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kordic
2007-Jun-29, 04:35 AM
As I am new here, I am not sure if this is the right type of question to ask in this area. This is more a hypothetical one. Some theorize that Jupiter is a "failed" star, or a brown dwarf if I am correct? If by chance it actually was a star from day one, what would our Solar System be like? Other than being much brighter in the sky, would it's gravity be stronger? This is assuming that it would be the same mass. And how different would life on Earth be? And what about Europa and Titan's composition? It has just crossed my mind a few times, and would appreciate any answers or insight, thanks!

Noclevername
2007-Jun-29, 04:42 AM
As I am new here, I am not sure if this is the right type of question to ask in this area. This is more a hypothetical one. Some theorize that Jupiter is a "failed" star, or a brown dwarf if I am correct? If by chance it actually was a star from day one, what would our Solar System be like? Other than being much brighter in the sky, would it's gravity be stronger? This is assuming that it would be the same mass. And how different would life on Earth be? And what about Europa and Titan's composition? It has just crossed my mind a few times, and would appreciate any answers or insight, thanks!

It would need to be many, many times more massive to become a star. It's also too small for a brown dwarf.

Here's some info:
http://en.wikipedia.org/wiki/Jupiter
http://en.wikipedia.org/wiki/Brown_dwarf
http://en.wikipedia.org/wiki/Star

With the greater mass, Earth & company would have probably been disrupted from forming at all.

01101001
2007-Jun-29, 04:55 AM
You might want to check out topic: A jupiter sun? (http://www.bautforum.com/showthread.php?t=12732)

EDG
2007-Jun-29, 05:32 AM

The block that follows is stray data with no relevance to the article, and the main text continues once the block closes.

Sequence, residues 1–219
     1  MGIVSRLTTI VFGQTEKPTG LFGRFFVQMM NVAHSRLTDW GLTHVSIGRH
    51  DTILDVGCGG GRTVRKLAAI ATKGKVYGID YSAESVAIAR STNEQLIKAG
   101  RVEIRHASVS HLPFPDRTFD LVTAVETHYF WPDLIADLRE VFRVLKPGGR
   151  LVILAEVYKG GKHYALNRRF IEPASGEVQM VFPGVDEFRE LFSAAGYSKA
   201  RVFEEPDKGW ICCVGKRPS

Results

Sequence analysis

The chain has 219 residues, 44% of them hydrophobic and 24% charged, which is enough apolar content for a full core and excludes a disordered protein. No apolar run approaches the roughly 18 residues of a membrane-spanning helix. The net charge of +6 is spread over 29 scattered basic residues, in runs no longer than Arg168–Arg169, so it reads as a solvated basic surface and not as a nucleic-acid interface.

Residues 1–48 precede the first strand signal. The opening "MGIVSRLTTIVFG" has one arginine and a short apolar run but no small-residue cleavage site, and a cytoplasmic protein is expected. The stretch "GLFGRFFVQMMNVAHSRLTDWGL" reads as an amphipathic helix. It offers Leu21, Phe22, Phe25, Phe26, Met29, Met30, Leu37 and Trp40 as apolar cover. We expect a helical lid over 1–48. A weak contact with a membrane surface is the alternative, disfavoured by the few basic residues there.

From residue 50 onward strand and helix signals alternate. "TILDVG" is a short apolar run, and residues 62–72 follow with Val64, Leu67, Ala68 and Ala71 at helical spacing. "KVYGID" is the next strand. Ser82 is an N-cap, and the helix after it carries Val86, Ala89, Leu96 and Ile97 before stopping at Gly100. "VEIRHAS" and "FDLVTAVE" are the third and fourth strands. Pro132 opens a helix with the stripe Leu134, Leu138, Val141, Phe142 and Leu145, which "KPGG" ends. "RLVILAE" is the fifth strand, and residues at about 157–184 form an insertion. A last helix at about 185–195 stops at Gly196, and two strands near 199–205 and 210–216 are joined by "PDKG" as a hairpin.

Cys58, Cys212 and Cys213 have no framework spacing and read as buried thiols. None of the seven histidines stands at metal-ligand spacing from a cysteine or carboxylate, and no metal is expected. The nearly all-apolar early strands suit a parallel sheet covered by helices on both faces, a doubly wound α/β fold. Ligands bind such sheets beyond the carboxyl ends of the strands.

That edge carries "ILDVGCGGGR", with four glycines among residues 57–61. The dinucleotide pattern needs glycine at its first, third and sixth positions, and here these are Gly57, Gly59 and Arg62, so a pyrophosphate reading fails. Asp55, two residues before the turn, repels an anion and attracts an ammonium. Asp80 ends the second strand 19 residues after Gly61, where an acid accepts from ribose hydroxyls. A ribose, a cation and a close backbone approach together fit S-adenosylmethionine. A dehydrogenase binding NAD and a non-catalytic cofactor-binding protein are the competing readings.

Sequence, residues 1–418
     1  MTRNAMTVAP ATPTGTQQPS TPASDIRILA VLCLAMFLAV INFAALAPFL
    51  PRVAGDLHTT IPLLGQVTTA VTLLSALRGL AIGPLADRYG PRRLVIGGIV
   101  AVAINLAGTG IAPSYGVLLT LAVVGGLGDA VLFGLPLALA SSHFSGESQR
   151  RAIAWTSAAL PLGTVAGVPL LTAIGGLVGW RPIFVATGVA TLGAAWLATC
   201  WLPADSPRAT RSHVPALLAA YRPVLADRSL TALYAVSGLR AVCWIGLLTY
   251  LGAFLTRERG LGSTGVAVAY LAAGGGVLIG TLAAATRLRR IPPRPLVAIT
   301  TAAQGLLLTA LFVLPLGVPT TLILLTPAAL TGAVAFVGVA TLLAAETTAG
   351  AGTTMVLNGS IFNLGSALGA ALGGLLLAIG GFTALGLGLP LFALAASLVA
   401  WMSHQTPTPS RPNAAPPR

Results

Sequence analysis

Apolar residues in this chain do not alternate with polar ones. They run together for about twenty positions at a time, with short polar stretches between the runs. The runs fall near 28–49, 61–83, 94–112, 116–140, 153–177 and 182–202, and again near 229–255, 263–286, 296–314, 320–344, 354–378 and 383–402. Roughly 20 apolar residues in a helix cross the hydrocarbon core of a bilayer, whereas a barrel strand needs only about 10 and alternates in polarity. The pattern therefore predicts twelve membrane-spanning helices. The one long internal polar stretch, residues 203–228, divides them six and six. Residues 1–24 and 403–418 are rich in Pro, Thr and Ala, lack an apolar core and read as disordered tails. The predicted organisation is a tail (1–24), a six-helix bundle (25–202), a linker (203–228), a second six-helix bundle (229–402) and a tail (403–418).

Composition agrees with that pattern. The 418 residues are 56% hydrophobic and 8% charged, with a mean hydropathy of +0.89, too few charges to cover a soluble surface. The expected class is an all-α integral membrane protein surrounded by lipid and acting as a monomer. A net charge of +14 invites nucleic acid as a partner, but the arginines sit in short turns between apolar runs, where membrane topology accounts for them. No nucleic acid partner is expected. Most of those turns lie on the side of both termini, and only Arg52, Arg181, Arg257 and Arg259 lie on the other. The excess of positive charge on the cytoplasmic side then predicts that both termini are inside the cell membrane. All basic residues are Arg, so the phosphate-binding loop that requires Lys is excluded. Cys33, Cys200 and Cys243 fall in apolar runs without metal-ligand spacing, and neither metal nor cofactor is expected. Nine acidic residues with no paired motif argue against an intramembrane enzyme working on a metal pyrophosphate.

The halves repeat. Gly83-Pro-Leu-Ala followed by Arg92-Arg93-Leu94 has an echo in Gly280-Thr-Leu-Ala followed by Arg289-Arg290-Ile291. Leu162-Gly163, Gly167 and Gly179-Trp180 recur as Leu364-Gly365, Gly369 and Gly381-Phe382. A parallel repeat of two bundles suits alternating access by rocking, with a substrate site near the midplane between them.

Well, first everyone needs to ignore how impossible it is to turn Jupiter into a star - the OP isn't asking about that, he's asking "what would the solar system be like if Jupiter always was a star".

We'll call it Lucifer, since that's what Arthur C Clarke called his "ignited Jupiter" in 2010.

For starters, if Lucifer was at 5.204 AU with an eccentricity of 0.0489 (its current orbital parameters), and had a mass of 0.08 solar masses (the minimum to be called a star, so it'd be a M7 to M9 V dwarf star) then it'd orbit Sol in 11.42 years, planets would only be able to orbit within a distance of 2.12 AU from Sol, and planets would be able to orbit Lucifer within a distance of 0.561 AU. And planets could orbit the pair beyond a distance of 10.96 AU from the barycentre of the system.

The barycentre itself would be 0.3855 AU from Sol, and 4.8185 AU from Lucifer. Not entirely sure what that would do to Mercury, given its current distance is 0.387 AU from Sol - I guess it just wouldn't form there?

Anyway. That notwithstanding, the four rocky planets could still form. They'd probably not have an awful lot of volatiles available to form them though since Lucifer would probably turf a lot of those out or evaporate them away (and there's no asteroid belt, or a very thin one maybe beyond Mars).

Noclevername
2007-Jun-29, 05:42 AM
So Earth would probably be a little smaller, much hotter, and a lot drier. Plus its orbit might be a little wonky.

EDG
2007-Jun-29, 05:51 AM
So Earth would probably be a little smaller, much hotter, and a lot drier. Plus its orbit might be a little wonky.

Wouldn't be much hotter - even at a closest approach of about 4 AU from an M8 V star, Earth wouldn't notice any extra heat. If you're at 4 AU from an M 8 V, it's about the equivalent of 178AU from Sol.